Calcium-modulating cyclophilin ligand desensitizes hormone-evoked calcium release

Tovey, Stephen C.; Bootman, Martin D.; Lipp, Peter; Berridge, Michael J. and Bram, Richard J. (2000). Calcium-modulating cyclophilin ligand desensitizes hormone-evoked calcium release. Biochemical and Biophysical Research Communications, 276(1) pp. 97–100.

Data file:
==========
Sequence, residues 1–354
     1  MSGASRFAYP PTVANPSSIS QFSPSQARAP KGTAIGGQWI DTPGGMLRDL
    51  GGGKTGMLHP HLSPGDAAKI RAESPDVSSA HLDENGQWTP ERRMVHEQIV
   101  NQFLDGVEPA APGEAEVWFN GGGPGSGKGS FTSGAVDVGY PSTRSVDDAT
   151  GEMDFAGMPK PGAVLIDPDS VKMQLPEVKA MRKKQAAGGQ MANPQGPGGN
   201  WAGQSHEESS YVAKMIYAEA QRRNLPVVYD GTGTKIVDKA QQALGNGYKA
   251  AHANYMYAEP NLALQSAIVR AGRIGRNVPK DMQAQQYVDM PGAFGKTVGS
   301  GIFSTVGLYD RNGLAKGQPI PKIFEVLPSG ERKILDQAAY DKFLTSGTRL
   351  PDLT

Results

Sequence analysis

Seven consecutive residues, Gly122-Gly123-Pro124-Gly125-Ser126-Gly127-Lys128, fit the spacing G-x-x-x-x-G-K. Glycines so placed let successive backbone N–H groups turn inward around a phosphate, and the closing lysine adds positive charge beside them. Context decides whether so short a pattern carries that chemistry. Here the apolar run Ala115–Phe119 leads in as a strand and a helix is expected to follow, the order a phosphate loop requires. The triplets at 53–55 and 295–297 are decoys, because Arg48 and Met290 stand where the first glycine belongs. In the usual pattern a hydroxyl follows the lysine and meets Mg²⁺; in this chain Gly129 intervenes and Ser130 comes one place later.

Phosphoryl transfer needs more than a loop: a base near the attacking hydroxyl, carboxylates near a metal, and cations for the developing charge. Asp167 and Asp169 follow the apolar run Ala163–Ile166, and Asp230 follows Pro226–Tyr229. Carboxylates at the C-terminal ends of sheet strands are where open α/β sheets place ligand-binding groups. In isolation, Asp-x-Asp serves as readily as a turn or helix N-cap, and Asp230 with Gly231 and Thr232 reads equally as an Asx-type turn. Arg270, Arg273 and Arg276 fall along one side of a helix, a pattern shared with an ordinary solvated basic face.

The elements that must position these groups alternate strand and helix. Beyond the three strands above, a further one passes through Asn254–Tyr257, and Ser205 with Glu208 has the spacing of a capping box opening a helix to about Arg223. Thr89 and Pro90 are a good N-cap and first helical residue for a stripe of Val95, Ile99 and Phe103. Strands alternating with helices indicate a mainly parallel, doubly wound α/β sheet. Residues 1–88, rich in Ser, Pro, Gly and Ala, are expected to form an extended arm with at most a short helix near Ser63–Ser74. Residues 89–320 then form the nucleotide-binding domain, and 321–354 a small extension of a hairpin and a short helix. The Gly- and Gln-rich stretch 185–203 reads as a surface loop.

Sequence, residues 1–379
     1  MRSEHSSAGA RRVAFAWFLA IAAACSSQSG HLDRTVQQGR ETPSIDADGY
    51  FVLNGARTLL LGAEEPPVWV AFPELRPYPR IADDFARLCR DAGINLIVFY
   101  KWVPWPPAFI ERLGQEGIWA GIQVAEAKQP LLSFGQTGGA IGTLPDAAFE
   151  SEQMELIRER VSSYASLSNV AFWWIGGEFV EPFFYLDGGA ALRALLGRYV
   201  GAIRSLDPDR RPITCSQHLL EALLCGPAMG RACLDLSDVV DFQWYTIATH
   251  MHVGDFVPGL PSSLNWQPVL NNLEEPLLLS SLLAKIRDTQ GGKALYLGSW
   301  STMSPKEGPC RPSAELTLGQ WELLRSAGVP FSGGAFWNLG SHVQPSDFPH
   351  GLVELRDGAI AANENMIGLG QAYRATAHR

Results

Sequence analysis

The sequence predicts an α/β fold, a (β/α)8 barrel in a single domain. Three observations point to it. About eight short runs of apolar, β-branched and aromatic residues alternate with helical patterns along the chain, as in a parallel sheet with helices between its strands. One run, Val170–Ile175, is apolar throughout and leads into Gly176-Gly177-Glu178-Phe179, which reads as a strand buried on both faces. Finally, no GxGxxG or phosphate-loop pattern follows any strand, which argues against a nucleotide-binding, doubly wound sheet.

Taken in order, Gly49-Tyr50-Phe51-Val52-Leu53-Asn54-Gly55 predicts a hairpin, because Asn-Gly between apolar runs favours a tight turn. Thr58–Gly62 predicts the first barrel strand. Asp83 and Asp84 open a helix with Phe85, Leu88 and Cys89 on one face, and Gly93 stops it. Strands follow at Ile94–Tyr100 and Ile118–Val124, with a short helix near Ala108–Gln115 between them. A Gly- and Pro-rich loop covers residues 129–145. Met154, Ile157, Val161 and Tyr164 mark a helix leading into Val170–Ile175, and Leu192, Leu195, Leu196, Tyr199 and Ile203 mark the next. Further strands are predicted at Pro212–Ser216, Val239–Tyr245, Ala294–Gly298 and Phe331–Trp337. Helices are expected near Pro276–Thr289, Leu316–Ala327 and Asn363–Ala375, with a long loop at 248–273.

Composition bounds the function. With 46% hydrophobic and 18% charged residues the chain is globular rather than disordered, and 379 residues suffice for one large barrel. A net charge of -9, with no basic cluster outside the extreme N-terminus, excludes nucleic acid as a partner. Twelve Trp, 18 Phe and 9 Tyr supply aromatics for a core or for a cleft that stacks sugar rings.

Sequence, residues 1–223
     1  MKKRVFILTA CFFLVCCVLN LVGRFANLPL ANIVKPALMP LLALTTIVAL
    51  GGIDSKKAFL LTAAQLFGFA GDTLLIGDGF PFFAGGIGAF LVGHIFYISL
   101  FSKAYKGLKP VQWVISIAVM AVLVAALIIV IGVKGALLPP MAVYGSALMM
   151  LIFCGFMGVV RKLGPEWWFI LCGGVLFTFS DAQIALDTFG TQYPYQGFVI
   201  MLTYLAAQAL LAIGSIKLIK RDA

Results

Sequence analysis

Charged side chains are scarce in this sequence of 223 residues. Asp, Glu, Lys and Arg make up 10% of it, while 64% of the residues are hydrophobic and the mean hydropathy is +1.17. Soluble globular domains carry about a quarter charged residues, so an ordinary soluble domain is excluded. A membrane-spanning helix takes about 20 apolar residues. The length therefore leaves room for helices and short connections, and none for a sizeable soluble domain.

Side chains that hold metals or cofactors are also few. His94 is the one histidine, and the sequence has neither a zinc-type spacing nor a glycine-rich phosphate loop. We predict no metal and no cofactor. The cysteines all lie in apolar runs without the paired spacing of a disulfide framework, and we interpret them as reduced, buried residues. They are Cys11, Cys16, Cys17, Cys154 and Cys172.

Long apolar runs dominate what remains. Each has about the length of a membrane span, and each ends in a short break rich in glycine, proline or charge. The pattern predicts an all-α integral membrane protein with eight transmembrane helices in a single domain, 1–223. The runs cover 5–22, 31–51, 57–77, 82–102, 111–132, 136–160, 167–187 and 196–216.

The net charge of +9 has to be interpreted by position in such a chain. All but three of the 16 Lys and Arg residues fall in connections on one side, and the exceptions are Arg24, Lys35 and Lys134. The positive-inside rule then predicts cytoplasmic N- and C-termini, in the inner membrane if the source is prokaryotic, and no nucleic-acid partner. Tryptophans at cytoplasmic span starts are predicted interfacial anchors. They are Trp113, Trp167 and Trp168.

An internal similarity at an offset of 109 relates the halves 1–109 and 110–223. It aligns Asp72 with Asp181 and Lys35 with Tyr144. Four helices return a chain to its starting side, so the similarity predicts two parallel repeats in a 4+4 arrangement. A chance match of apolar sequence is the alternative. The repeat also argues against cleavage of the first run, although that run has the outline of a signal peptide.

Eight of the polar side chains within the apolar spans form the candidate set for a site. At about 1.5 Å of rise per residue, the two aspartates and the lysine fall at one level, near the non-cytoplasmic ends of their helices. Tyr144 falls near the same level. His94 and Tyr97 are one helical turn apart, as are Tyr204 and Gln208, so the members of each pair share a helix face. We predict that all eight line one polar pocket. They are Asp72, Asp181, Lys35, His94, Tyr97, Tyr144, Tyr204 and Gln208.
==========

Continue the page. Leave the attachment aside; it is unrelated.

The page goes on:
The Ca2+-modulating cyclophilin ligand (CAML) protein causes stimulation of transcription factors via activation of a store-operated Ca2+ entry pathway. Since CAML is widely expressed in mammalian tissues, it may be an important regulator of Ca2+ store function. In the present study, we investigated the consequence of CAML overexpression on Ca2+ signaling using rapid confocal imaging of Fluo3-loaded NIH3T3 fibroblasts. Control and CAML-expressing cells gave concentration-dependent responses to the Ca2+ mobilizing agonist ATP. CAML expression reduced the sensitivity of the cells so that higher concentrations of ATP were needed to achieve global Ca2+ waves. The amplitudes of Ca2+ waves were significantly reduced in CAML expressing cells, consistent with earlier suggestions that CAML causes depletion of internal Ca2+ stores. With low ATP concentrations, only local Ca2+ release events were observed. CAML did not affect the characteristics of these local Ca2+ signals, suggesting that it does not directly affect Ca2+ release channels.

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